The strength of a company’s intellectual property assets can affect the value of a corporate transaction. According to the Council for Entrepreneurial Development, North Carolina businesses raked in over $600 million in equity funding during 2016, completed over 200 deals, and at least 25 companies were successfully acquired. While merely accomplishing such feats should be heralded, just as critical is ensuring that close attention was paid to intellectual property (IP) concerns, both well-before and during a financing event or possible exit. By performing IP due diligence, each of the involved parties can best mitigate risk and ensure that decision-making is well-informed. Additionally, by having a robust and forward looking approach to IP matters, a company can increase their valuation, reduce risks from competition, and better position themselves relative to their competition to make for a more attractive acquisition or financing target.
In an acquisition or commercial partnering setting — such as licensing deals — intellectual property due diligence is often one of the most critical aspects to any negotiation, especially as it relates to chain of title. Issues with chain of title for IP assets have been known to delay or entirely stop a merger or acquisition, as well as impact the value of licensing or purchasing intellectual property. Further, in order to secure equity financing or investments, provide representations and warranties as to IP ownership, and to bring a cause of action for IP infringement, the IP chain of title must be properly established. Specific rules and court holdings relating to chain of title for IP matters make this an area of frequent concern in many closings.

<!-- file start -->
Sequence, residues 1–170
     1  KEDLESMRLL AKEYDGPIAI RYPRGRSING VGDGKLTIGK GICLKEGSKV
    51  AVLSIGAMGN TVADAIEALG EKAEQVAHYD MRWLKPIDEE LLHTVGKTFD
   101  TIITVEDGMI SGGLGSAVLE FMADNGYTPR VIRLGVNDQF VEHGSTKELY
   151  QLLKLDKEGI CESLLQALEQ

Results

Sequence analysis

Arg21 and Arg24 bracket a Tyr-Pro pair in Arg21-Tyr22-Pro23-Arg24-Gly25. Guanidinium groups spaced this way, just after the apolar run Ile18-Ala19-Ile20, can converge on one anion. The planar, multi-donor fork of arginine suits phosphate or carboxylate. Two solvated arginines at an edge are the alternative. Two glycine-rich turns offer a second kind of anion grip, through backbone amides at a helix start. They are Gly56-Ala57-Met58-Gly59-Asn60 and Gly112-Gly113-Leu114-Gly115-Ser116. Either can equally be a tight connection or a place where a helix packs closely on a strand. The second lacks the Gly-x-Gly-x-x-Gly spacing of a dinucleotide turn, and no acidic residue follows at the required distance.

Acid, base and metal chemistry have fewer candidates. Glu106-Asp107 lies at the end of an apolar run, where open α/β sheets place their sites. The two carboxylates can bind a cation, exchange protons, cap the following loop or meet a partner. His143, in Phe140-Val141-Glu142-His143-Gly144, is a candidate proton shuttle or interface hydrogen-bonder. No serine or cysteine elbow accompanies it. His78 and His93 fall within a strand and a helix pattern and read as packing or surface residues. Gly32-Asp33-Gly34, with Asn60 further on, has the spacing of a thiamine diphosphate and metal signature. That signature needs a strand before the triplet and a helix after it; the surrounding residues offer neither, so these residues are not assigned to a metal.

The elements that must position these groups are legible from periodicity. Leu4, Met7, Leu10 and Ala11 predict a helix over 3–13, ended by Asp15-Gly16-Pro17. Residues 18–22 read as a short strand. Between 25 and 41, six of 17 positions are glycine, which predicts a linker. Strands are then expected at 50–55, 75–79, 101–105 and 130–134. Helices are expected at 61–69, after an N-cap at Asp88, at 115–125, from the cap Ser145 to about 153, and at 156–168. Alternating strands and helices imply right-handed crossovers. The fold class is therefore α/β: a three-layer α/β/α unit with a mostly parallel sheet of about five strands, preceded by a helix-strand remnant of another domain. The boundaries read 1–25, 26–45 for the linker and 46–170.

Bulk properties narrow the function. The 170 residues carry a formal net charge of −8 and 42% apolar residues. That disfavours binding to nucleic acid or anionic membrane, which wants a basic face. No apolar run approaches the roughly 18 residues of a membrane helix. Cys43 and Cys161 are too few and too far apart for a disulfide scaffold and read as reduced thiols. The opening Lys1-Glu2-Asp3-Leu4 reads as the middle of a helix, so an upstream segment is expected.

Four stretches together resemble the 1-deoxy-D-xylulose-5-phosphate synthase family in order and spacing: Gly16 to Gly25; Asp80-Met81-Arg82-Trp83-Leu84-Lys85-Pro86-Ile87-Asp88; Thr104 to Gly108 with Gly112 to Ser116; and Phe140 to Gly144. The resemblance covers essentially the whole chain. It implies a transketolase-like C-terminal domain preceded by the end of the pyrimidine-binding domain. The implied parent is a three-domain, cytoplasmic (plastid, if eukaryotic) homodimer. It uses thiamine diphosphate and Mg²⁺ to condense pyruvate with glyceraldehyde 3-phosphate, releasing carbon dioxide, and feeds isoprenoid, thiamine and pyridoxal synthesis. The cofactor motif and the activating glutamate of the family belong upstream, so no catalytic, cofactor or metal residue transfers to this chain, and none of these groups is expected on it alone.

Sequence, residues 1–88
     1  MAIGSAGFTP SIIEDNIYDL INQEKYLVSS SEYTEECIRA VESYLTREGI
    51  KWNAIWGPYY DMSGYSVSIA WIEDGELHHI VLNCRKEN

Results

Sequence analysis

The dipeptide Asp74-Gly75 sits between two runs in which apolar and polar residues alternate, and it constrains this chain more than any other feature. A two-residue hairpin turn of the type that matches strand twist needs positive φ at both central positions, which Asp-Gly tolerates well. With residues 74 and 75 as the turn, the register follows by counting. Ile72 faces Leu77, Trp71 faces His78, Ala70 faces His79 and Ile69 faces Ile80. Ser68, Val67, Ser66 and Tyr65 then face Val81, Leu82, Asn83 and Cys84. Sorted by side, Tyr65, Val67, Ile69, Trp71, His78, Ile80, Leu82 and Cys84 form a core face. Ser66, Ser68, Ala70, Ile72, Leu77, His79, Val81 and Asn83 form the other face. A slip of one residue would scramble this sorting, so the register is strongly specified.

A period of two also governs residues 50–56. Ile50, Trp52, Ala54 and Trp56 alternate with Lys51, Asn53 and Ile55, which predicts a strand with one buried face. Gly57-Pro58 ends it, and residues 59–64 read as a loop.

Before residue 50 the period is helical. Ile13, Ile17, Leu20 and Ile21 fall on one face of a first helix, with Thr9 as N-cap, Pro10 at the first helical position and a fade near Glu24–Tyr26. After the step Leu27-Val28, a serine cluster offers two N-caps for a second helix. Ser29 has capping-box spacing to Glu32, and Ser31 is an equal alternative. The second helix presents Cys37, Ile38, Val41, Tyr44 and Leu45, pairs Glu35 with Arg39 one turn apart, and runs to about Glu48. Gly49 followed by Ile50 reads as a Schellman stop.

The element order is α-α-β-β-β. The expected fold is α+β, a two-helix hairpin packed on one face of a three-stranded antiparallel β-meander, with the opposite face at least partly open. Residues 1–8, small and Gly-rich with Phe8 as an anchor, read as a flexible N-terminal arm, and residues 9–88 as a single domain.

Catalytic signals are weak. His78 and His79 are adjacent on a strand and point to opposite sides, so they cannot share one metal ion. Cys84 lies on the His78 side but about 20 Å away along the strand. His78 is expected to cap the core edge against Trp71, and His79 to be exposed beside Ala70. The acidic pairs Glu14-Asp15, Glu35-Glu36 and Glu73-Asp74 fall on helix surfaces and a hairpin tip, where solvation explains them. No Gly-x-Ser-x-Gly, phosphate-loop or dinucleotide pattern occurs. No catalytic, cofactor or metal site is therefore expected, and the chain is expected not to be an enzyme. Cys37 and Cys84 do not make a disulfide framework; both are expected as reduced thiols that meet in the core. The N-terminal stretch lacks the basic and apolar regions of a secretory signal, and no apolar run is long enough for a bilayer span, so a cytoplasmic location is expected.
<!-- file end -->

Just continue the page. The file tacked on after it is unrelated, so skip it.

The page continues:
When performing due diligence, it’s essential to review the existing patent and intellectual property portfolio, any existing supplier or customer agreements that may impact patent ownership, any licensing agreements entered into by the relevant parties, and employment agreements with employees of the relevant parties. Oftentimes, the passage of time from the execution date of agreements towards a possible closing convolutes and compounds problems that may have existed. Furthermore, the legislation and court holdings impacting IP ownership are ever changing as IP becomes more valuable as an asset for growing companies, so a constant and routine review of IP matters can be advantageous.
Over the years, NK Patent Law has worked frequently in IP due diligence matters on behalf of angel groups and venture capital firms, and on behalf of companies acquiring other businesses in a merger and acquisition setting. It’s important to us that our clients have IP ownership assured, along with sufficient patent scope and validity and trademark clearance. Some examples of due diligence situations we’ve been involved with include:
– A software company acquired Intellectual Property and other assets of a competitor, then shortly thereafter sold the acquired assets for a significant return on investment.
– Formulating aggressive acquisition strategy for a health care company for a mobile application software program. In this example, significant issues with IP matters were discovered, saving the client significant amounts of capital that would have been required to cure such defects.
– Potential acquisition by a Venture Capital Firm of energy monitoring services and goods provider.
– Assuring chain of title on several hundred patent and patent application portfolios before acquisition.
– Audit of license agreements where prior counsel had instructed a licensee to pay in excess of two million dollars a year in patent royalty fees that were not required.
To learn more about intellectual property ownership issues, you may review attorney Justin Nifong’s presentation materials on this topic here.
For more information on IP due diligence, email firstname.lastname@example.org